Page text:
categories pie chart

And if you selected the Location pie chart you’ll see a high level look at the geographic location entries.

location pie chart

2. Drill down to get more detail

Once you’ve got that high level pie chart available, you can click on pieces of the pie to drill into the data below. Drilling into a Category will then show you the sub-categories that are available. These sub-categories are the Groups or questions asked within each category on your call form. On a location chart, drilling into the State or Province piece of the pie will show you the county level information.

If we take our Caller Issues and Demographics chart above and drill into the mauve colored “Issues” category, we’ll see the Issue choices of sub-categories.

Issues pie chart

If we click on the “Mental Health/Counseling” piece of the pie, we’ll drill down to the lowest available level, which are the field choices or answer options within that sub-category. These are the items you may find in the drop-down or list of check box choices on the call form.

mental health field choices

As mentioned, if you drill further down into the location pie chart, you’d get the counties breakdown. So if I click on Nevada, I’ll see the Nevada counties chosen.

Nevada counties

Clicking on Eureka county shows me how the city numbers shape up for that county.

Eureka cities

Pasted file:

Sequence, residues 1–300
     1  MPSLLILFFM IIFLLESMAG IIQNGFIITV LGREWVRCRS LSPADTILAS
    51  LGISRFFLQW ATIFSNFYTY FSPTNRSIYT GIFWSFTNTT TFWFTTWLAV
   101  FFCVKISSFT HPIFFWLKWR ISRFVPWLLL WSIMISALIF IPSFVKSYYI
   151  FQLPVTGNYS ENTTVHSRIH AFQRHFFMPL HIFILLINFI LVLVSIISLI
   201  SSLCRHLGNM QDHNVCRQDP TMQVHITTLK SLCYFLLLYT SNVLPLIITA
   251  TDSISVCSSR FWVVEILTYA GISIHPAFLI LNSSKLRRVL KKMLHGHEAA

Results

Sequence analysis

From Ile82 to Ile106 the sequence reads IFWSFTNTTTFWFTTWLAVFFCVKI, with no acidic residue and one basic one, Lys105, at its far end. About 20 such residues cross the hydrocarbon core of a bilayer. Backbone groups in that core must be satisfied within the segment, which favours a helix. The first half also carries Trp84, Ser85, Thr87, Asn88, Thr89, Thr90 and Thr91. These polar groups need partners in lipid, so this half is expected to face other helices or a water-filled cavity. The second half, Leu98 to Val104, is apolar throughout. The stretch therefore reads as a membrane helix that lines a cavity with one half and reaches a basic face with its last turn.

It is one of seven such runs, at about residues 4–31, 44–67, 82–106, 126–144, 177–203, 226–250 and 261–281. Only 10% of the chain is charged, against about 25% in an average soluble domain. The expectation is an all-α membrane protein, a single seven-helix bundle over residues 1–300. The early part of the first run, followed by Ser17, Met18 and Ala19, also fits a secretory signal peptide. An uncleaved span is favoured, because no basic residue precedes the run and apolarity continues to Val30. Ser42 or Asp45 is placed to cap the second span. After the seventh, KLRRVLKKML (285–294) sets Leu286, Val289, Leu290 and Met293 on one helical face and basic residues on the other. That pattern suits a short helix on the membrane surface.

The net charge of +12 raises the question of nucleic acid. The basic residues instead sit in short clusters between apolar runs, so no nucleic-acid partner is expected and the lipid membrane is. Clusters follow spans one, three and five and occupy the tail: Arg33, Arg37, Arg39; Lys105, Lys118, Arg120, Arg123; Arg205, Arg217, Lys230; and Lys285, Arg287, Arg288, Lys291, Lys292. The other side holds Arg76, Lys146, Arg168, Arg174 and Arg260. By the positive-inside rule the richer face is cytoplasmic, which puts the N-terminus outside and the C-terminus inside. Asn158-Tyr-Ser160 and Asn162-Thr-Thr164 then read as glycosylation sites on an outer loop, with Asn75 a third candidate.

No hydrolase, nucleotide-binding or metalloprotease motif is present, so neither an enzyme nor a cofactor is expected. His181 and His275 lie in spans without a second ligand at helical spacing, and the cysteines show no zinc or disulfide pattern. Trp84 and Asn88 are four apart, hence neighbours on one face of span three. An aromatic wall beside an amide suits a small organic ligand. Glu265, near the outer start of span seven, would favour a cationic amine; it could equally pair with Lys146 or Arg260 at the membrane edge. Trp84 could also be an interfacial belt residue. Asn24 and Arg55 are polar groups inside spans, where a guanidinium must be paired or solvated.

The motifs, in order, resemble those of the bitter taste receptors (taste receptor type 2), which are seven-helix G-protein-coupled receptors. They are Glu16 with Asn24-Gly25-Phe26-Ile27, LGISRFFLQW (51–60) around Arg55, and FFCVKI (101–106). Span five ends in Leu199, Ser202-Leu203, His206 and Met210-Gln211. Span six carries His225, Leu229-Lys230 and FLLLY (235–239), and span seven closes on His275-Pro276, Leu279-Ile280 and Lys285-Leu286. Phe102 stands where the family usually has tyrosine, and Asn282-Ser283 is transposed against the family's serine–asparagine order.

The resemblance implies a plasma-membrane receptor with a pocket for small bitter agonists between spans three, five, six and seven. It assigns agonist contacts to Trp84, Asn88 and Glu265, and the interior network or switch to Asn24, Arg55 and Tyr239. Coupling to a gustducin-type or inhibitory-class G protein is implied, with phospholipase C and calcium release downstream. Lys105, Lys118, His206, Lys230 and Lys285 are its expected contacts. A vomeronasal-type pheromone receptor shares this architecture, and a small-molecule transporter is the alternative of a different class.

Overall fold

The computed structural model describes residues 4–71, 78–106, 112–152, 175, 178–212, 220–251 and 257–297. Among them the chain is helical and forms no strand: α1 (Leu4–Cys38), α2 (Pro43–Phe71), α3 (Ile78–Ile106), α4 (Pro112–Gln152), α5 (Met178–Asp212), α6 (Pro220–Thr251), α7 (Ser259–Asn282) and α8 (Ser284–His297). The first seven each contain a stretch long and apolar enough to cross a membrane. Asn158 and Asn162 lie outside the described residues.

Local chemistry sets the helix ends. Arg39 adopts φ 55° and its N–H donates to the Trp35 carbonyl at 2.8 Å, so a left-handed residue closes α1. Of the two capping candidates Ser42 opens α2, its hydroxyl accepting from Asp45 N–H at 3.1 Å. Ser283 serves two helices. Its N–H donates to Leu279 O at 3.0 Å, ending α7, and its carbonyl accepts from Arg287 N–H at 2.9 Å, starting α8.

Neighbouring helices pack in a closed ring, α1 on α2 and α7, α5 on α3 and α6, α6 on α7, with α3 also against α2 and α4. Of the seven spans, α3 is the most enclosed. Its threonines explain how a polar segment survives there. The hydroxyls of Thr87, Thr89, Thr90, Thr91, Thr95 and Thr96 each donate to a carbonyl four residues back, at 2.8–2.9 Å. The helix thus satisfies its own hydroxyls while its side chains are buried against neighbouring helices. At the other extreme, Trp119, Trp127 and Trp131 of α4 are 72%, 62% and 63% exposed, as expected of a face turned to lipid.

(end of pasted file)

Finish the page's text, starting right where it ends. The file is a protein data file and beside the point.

3. Percentage vs. Count

Remember if percentages aren’t really your thing and you’d like to see a count instead, just click the “Total Count” option for any of the pie charts shown.

Count vs Percentage

Now that I’ve told you a bit more about pie charts in iCarol, I suggest you go celebrate Pi Day in the truly best way possible — enjoy a piece of real, edible pie.

923px-Cherry-Pie-Slice

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Coming soon: Powerful upgrades to our infrastructure

While we are proud of the fact that our total uptime in 2015 of 99.955% exceeded our goal of 99.95%, we understand that any downtime, no matter how brief or infrequent, impacts you and ultimately the people you serve. On February 28th we’ll complete a transition to new, even more powerful infrastructure to support our users. This change will affect our NA0 data center in Toronto upon which most of our clients are hosted, and will occur without impact or downtime to our users.

Once the transition has finished, you’ll enjoy enhanced system response that will improve your workflow. The redundancies included in this upgrade will drastically reduce already infrequent downtimes. This technology investment will also create an even more scalable system; as you build your partnerships and as we continue welcoming new helplines into the iCarol family, you can rest assured iCarol will continue to grow and will be able to more than accommodate your needs for added activity and data storage.

We look forward to continuing to serve you by aggressively investing in the best systems to support your life-saving work. If you have any questions about the upcoming upgrades or reliability, we invite you to open a case with our support team, and we’ll be delighted to assist you.

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How many of your taxonomy terms are being used in searches?

As often is the case, an interesting topic was recently posed on the AIRS networker, to which many of the Information and Referral industry professionals added their own thoughts and experiences.

The original question was one many can identify with: What database search method works best for your specialists? With a number of options available, such as your own home-built hierarchy of categories and keywords, or the taxonomy as another example, which do you prefer and use?